Smoking foes see a turning point in their long battle against the tobacco industry as Congress prepares to send President Barack Obama a bill giving the government broad authority to determine how cigarettes will be made, marketed and sold.
The House was scheduled to vote Friday on legislation, passed just a day before by the Senate, that for the first time would put the Food and Drug Administration in charge of regulating cigarettes and other tobacco products.
The measure puts special emphasis on dissuading some of the 3,500 young people who every day smoke a cigarette for the first time. The FDA would ban use of candied and other flavored tobacco used to entice young smokers, stop advertising that targets children, make it harder for underaged youth to buy cigarettes, require stronger warning labels and bar use of expressions such as "light" or "mild" that suggest that those brands are less harmful.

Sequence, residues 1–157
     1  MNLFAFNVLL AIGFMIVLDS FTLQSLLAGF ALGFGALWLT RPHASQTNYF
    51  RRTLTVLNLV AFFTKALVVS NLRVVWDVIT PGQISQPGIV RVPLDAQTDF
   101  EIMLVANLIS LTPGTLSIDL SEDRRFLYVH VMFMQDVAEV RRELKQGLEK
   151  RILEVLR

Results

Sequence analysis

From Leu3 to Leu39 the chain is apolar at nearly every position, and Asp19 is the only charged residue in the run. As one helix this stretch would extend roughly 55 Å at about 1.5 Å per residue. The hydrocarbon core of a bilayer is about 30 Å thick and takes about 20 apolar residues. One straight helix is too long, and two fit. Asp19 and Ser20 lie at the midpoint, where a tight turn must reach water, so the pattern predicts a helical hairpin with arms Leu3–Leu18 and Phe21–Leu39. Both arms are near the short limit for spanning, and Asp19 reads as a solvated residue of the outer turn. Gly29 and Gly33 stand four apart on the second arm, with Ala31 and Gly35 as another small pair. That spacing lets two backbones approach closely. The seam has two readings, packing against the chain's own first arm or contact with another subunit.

The FDA would also require tobacco companies to reveal the contents of their products and seek approval for marketing new products. It gives the FDA power to order changes to ingredients, including tar and nicotine, to protect public health.
What do you think? Post a comment on this article and share your opinion with other readers. Submit your comments to Modern Healthcare Online at [email protected]. Please be sure to include your hometown and state, along with your organization and title.